Thus as the church declines, and individual congregations, get smaller, they may appear more enthusiastic, even more committed. However unless the enthusiasts reproduce themselves faster then the appearance of enthusiasm is misleading. The church is still becoming extinct.


Low Reproduction Potential

A church with a low reproduction potential (well under the extinction threshold) can survive if it has no adult or child losses. The church survives on biological production alone. However, in this case, church numbers are very sensitive to losses.

Consider an extreme case of a church with no enthusiasts, accounting for 20% of the community, and with no adult reversion. With no child losses the church stays at 20% (line 1 following graph). If 25% of the children of believers are lost from the church then the decline sets in (curve 2. The church will eventually become extinct, but it takes a very long time to do so. It has halved in 200 years. It is not losing 25% of its people, but only its children. The 75% retained go on to have children of their own thus decline is slower than one might imagine at a first glance.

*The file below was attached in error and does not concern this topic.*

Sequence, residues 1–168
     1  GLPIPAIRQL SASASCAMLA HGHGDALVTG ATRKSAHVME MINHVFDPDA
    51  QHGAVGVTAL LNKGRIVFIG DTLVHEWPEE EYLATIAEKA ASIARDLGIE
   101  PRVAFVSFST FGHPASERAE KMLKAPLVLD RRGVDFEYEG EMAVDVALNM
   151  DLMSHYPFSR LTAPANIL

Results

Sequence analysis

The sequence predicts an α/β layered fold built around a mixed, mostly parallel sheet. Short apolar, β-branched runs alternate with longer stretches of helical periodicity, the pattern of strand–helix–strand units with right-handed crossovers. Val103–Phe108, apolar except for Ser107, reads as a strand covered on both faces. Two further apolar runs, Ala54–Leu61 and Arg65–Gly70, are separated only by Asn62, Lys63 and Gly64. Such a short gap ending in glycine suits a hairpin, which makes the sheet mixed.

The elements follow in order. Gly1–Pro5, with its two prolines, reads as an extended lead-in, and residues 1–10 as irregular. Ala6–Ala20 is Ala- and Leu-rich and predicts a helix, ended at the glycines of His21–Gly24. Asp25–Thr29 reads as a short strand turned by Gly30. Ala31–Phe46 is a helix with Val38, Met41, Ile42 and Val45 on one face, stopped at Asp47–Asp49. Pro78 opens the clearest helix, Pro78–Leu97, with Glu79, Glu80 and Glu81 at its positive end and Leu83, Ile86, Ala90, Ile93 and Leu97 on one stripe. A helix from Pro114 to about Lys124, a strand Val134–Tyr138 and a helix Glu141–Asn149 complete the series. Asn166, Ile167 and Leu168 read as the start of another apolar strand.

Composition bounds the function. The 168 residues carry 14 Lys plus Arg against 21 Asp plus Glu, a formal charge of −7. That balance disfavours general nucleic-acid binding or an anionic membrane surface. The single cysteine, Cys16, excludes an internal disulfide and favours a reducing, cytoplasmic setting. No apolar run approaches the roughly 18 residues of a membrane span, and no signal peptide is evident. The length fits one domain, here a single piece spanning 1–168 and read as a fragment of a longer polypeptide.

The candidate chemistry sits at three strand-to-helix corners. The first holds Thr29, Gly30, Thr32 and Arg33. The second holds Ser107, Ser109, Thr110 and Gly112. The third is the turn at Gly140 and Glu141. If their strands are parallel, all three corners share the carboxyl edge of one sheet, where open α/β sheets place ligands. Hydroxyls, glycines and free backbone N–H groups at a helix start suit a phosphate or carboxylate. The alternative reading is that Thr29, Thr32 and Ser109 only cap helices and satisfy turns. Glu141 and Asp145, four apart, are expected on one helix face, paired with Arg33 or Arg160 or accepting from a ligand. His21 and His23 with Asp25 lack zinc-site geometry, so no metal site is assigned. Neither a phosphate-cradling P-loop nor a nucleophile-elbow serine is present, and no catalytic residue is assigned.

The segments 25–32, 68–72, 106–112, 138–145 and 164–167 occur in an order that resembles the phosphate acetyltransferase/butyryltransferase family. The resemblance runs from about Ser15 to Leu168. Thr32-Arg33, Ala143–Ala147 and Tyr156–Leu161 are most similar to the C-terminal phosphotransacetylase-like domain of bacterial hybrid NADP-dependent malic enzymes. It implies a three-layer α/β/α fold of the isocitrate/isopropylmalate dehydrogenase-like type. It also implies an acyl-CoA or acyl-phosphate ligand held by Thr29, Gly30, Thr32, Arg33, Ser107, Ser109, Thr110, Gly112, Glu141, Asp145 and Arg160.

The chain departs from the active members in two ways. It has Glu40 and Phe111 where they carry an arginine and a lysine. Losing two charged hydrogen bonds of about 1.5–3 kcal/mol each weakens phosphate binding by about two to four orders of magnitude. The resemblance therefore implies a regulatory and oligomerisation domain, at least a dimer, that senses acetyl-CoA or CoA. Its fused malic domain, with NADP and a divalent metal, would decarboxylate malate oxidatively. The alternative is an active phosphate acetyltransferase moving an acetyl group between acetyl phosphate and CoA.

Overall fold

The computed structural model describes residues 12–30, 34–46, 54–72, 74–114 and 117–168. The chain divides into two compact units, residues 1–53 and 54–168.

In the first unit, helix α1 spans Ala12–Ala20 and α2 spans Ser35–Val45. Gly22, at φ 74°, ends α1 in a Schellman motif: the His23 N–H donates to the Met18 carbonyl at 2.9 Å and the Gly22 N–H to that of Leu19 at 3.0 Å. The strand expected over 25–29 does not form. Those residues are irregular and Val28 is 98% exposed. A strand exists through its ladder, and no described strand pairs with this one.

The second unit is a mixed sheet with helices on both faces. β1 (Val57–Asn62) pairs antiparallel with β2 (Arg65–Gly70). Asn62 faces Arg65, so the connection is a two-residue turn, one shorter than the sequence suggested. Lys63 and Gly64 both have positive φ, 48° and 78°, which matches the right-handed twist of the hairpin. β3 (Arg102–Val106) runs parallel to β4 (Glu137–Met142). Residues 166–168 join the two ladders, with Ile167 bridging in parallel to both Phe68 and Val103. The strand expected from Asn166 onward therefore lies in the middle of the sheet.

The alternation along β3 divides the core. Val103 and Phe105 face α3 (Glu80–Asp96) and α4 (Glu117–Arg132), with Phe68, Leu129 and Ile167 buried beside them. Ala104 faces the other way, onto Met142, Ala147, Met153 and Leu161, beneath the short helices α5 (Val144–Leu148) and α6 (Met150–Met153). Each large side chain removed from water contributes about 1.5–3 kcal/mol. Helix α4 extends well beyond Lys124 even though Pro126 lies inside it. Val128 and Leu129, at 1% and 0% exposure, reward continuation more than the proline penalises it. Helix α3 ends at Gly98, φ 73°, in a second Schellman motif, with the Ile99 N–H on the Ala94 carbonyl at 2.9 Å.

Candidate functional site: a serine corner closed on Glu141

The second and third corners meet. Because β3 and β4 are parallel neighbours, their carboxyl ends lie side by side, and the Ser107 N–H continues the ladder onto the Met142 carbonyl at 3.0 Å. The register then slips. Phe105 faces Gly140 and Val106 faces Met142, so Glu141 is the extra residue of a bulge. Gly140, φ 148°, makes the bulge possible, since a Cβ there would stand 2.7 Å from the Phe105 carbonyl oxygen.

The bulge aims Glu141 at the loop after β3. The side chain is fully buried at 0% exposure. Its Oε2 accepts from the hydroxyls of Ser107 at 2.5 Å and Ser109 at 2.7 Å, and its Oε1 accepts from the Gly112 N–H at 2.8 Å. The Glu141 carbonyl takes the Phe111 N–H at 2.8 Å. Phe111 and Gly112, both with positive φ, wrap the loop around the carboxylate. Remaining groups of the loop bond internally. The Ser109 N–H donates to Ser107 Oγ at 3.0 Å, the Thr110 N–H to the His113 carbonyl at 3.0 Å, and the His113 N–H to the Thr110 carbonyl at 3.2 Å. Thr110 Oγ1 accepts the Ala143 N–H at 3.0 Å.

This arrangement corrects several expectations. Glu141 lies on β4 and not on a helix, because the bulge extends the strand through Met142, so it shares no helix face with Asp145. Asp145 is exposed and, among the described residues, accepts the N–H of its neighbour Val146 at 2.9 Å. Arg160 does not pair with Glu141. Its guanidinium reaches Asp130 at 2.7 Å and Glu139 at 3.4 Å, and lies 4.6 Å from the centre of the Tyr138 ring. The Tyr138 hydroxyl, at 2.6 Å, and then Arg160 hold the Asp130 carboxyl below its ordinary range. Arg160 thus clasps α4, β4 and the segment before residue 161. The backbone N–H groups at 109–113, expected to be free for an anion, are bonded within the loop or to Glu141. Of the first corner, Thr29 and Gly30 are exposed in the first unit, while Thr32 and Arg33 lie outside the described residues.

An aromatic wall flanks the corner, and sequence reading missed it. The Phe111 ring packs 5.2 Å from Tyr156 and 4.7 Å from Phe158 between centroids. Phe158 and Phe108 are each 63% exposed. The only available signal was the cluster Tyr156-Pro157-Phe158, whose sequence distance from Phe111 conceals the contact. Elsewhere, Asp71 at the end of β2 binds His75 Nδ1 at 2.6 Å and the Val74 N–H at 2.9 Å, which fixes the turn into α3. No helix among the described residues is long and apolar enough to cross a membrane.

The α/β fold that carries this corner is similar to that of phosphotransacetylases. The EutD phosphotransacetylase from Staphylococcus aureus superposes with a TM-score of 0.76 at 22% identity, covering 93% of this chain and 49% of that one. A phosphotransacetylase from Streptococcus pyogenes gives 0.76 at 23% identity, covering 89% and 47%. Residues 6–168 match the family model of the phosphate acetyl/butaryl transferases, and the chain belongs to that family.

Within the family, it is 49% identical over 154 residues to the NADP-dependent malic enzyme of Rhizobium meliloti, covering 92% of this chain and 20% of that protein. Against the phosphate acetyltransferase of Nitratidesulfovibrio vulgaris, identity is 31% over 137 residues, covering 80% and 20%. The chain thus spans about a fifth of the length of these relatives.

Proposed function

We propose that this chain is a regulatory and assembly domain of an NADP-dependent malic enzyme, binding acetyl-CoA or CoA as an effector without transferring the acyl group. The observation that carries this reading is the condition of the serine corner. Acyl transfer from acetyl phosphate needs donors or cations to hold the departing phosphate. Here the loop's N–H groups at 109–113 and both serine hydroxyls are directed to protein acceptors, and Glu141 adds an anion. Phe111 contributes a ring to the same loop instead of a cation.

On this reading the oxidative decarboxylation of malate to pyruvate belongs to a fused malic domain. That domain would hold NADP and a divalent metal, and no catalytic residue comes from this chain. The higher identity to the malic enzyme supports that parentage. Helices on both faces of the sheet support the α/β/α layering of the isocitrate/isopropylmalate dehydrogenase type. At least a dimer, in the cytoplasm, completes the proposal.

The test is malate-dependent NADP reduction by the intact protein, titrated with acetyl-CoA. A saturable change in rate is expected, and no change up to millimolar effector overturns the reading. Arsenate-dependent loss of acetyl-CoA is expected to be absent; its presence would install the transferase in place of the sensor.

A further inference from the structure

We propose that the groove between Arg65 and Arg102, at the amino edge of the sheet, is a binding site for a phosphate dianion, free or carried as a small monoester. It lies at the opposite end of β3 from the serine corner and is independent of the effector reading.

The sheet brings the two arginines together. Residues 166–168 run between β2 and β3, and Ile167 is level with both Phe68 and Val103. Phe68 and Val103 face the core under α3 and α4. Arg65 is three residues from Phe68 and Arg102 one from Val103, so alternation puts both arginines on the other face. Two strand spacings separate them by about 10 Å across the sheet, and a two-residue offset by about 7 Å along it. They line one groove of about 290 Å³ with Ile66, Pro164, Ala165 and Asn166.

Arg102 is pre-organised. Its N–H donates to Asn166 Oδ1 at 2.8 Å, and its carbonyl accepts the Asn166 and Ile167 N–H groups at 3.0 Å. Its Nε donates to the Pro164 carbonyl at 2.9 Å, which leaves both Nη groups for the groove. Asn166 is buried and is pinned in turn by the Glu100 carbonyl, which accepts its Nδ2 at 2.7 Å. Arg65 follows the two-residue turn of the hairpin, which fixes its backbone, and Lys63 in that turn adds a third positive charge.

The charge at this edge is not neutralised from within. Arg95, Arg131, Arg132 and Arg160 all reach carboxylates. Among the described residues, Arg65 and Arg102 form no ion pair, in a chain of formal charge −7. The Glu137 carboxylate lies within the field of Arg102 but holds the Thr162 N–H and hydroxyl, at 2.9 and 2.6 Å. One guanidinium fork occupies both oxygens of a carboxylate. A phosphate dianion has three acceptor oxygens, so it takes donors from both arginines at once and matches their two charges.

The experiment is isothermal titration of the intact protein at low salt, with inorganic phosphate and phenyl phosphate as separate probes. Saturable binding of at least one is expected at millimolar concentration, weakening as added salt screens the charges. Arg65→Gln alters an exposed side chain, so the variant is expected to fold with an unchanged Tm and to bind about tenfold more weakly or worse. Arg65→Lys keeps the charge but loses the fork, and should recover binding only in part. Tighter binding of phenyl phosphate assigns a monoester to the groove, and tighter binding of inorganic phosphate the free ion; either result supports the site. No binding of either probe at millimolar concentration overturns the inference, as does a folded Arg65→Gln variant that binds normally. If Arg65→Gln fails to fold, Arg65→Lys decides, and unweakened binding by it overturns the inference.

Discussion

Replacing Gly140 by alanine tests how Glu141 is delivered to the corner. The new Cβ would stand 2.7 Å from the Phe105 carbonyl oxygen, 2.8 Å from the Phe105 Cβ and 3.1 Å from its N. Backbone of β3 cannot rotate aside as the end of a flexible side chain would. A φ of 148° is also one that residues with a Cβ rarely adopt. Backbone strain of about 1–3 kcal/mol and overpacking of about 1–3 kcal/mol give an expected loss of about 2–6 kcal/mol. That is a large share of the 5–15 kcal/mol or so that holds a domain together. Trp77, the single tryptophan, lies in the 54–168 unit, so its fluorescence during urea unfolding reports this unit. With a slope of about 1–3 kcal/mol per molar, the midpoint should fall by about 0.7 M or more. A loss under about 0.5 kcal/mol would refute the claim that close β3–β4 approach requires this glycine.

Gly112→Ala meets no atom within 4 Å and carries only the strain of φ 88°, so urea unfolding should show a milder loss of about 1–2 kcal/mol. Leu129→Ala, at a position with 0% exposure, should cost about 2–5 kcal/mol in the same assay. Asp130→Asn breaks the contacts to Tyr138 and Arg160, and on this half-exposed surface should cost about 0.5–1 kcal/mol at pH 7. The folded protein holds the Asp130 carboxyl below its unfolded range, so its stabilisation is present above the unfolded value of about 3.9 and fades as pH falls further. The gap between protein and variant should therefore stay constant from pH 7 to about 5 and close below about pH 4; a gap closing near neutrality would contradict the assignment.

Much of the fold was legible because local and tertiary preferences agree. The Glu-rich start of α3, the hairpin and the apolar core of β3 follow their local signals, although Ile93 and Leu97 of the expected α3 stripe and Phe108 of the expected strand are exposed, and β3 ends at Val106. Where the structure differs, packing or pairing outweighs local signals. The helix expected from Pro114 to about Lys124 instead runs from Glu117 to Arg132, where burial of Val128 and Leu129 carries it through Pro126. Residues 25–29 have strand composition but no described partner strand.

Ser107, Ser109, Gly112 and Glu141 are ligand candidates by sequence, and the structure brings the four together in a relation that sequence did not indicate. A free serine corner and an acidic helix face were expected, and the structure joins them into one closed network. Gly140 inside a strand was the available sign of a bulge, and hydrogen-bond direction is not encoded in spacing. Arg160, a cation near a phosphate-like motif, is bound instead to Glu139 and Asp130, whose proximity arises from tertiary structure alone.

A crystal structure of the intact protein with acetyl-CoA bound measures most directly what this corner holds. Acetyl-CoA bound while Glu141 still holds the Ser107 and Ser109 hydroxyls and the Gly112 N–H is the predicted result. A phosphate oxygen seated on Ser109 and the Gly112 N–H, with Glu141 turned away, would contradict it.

A church with a 50% child loss is halved in about 100 years. If all the children are lost the church is extinct in 70 years.

  • Just because a church is declining slowly does not mean it does not have a crisis. Maybe it has small losses and no enthusiasts. The only measure of a church's health (from the point of view of growth) is the level of enthusiasm of the enthusiasts. Is there enough reproduction potential for them to increase the number of enthusiasts?
  • A church with child losses may decline so slowly that people may not think there is a serious problem. Even in curve 3 above, after 200 years the church survives, buildings are maintained, salaries and pensions are paid, albeit on a declining scale. Nevertheless the church is lifeless (no enthusiasts) and heading for extinction.

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Church Growth Modelling